Act of Kindness - Life is a treasure hunt

Act of Kindness - Life is a treasure hunt

Written by Kathy Witt


Do you think outlaw Jesse James – infamous for stealing treasure via train robberies and bank heists – ever thought he’d be a clue on someone else’s quest for treasure? Probably not, but nearly 135 years after hanging up his Colt .45 Peacemakers, that is exactly what happened. And local geocacher Barbara Fox is the one responsible for putting him on the map – that is, the Historic Buffalo Geotrail map that takes geocachers to 10 historic sites throughout Stamping Ground.


“Scott County is such a beautiful place with such rich history, so it is naturally the perfect place for geocaching,” said Barbara.

The Historic Buffalo Geotrail is one of two such trails – the other one being the Scott County GeoTrot – inviting treasure hunters on a hide-and-seek adventure through the county to such sights as Old Friends Thoroughbred Retirement Farm, Country Boy Brewing, the Rosenwald School and the Marriage Location of Jesse James’ Parents.

Barbara created the trails, including the one linking the community to the notorious bandit, in coordination with former Stamping Ground Mayor Kayla Jones and Georgetown/Scott County Tourism Director Lori Saunders.

Geocache ribbon cutting

“The trails are a lot of fun for families with children, as they like hunting for things,” said Barbara. “It also teaches navigational skills, which can come in handy if you ever become lost or disoriented.”

It is Barbara and her family who have taken on the responsibility of maintaining the caches and trails.

“Occasionally the geocache containers are not closed properly when people visit them, and the contents become wet from rain and snow,” said Barbara. “When this happens, we must dry out the contents or replace the wet or damaged logs. We also restock the contents in the cache.

“Unfortunately, sometimes a geocache is stolen so we also replace those that come up missing.”

GeoCache atRosenwald

For newcomers to the world of geocaching, Barbara describes it as a “real-world, outdoor treasure hunting game using GPS-enabled devices,” with participants navigating to a specific set of GPS coordinates and then attempting to find the geocache container hidden at that location. Inside the cache? Trinkets – anything from keychains to small toys for children. Called swag by geocachers, the goodies are stocked originally by the hider of the geocache.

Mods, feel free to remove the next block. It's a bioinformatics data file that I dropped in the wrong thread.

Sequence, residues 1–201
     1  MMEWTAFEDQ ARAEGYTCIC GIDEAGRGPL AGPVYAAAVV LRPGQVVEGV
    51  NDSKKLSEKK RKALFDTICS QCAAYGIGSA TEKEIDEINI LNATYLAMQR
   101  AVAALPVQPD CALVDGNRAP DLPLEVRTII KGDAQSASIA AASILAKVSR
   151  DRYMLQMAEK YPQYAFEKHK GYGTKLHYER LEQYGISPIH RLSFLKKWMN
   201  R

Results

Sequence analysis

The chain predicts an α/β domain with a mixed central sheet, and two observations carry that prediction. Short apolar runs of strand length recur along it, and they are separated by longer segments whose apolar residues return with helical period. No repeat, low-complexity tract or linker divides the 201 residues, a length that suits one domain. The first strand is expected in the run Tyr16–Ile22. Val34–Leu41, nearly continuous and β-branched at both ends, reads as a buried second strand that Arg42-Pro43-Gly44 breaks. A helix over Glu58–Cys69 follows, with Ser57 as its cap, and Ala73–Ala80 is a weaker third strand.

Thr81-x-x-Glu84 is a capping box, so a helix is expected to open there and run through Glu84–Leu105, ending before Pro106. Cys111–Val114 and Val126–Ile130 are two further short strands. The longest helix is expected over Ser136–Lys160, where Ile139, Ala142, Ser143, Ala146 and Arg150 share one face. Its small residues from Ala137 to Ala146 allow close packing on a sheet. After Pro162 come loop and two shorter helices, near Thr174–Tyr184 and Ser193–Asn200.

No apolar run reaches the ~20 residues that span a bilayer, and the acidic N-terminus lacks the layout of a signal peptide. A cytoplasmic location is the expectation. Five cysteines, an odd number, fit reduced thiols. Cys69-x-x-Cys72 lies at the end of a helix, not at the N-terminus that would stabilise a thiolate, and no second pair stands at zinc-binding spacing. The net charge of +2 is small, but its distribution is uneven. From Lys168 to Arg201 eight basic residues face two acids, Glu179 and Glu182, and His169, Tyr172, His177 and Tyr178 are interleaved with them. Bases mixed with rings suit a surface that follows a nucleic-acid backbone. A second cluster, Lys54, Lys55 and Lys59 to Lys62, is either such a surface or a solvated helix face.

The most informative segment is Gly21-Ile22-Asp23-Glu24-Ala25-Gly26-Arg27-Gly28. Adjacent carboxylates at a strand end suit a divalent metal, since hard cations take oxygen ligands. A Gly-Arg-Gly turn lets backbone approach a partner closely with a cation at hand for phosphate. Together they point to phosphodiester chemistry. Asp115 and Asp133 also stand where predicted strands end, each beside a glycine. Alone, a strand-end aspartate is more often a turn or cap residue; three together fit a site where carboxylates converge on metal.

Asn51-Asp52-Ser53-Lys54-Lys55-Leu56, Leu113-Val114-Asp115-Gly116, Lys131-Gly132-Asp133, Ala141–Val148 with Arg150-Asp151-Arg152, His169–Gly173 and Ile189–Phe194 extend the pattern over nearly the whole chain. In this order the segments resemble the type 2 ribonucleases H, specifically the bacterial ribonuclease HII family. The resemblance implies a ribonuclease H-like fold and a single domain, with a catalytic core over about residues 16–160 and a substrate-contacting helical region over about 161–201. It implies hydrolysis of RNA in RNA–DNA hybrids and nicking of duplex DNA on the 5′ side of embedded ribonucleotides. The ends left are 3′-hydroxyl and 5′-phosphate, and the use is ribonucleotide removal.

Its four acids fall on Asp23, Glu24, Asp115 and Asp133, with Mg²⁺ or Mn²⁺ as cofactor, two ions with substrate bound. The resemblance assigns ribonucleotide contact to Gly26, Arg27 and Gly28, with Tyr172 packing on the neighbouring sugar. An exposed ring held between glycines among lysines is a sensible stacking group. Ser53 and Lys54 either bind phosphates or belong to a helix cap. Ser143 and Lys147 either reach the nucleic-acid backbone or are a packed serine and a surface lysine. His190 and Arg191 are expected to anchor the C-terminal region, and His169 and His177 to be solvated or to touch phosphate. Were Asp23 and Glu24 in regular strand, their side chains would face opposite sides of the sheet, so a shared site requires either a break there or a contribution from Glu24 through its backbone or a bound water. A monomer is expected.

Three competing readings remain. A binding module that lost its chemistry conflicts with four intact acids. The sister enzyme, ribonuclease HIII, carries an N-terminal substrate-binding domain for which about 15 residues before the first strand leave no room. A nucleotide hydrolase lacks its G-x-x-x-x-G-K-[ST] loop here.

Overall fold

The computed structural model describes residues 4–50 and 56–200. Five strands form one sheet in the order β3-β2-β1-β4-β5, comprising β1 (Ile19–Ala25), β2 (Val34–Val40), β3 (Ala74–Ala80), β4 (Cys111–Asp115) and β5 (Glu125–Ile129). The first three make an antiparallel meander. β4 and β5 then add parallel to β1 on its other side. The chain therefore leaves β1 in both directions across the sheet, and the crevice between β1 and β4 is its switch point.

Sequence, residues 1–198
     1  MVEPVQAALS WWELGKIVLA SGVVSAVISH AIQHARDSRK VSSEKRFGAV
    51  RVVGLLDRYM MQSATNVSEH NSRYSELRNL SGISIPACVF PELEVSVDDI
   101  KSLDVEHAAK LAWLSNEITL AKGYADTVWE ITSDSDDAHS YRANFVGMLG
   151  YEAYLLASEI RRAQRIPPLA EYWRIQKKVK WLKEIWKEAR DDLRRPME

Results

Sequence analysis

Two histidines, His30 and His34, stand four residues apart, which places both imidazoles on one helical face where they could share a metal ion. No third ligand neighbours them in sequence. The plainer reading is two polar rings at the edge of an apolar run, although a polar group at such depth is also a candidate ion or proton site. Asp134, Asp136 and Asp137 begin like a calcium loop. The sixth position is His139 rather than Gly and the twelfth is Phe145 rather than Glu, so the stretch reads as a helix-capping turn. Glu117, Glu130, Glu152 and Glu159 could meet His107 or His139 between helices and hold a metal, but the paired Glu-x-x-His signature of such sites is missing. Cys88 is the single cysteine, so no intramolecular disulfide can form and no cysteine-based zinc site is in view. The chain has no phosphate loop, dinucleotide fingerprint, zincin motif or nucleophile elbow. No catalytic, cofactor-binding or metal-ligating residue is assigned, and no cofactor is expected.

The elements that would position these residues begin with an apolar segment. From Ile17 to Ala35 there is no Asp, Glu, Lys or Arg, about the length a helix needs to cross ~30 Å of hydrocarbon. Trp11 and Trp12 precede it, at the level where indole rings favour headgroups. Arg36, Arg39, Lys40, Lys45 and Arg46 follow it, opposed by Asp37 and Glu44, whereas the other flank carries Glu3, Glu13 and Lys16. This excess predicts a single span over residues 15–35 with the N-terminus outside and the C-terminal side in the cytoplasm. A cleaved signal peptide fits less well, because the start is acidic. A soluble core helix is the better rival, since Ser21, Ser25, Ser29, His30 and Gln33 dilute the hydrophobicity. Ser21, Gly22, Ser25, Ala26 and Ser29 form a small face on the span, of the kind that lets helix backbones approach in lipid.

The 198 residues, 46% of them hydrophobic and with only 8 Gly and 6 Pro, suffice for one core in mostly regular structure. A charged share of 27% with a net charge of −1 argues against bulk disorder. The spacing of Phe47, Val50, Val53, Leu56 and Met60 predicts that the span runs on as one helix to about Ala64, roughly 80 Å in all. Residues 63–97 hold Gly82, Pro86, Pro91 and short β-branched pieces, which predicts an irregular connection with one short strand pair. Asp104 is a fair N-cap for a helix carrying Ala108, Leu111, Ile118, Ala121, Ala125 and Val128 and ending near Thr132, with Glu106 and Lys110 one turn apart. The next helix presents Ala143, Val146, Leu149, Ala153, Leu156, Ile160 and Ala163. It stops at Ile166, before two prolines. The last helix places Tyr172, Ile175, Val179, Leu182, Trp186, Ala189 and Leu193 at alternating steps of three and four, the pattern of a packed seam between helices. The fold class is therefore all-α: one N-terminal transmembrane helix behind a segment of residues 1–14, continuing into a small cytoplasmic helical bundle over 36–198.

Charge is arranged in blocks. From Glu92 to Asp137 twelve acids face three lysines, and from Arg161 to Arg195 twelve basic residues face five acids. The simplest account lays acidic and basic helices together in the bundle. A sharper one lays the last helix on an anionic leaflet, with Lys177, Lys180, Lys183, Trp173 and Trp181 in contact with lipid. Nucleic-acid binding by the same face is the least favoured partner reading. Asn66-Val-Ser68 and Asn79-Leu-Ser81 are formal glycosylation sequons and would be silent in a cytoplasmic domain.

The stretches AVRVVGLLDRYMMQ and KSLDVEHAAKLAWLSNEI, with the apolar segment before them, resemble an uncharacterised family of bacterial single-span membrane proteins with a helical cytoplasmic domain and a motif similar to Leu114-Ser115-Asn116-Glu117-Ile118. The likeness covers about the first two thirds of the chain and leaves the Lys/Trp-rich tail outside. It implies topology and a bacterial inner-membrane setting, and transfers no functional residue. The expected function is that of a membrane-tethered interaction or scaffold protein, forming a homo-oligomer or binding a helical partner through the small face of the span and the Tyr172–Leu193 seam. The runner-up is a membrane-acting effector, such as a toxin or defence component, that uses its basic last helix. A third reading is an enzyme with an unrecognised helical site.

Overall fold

“There are no set rules for swag, but most geocachers usually exchange items in a geocache,” said Barbara. “We have visited caches where some leave money and actually found a $20 bill once. That was truly a memorable geocache to find!”

Geocaches can be found all over the world and in a variety of locations – at local parks, at the end of a long hike, on the side of a city street – even underwater.

Stonehaven Geocache

“It is common for geocachers to hide caches in locations that are important to them, reflecting a special interest or skill of the cache owner,” said Barbara.

Between the Historic Buffalo Geotrail and the Scott County GeoTrot, Barbara has 21 sites to maintain, including the one connected to Jesse James, a letterbox geocache that brings participants to a historical marker (the actual house – or what’s left of it – sits on private property) where they can then read the geocache description.

GeoCache 1

Want to know what the marker says? Find out at www.geocaching.com, where you can learn more about geocaching and register for a free basic membership.

Did You Know . . . The mastermind behind geocaching is a computer consultant named Dave Ulmer who coined the name, “Great American GPS Stash Hunt.” His idea? Hide a container out in the woods and note the coordinates with a GPS unit. The year? 2000 – the year the U.S. government discontinued its use of Selective Availability, which led to an instantaneous upgrade and improvement of the accuracy of GPS technology.


Author: Kathryn Witt

Kathryn Witt is an award-winning travel and lifestyle writer, syndicated columnist and author of several books, including Secret Cincinnati, The Secret of the Belles and Atlanta Georgia: A Photographic Portrait. A member of SATW, Authors Guild and the Society of Children’s Books & Illustrators, she lives in northern Kentucky.





Georgetown / Scott County Tourism Bureau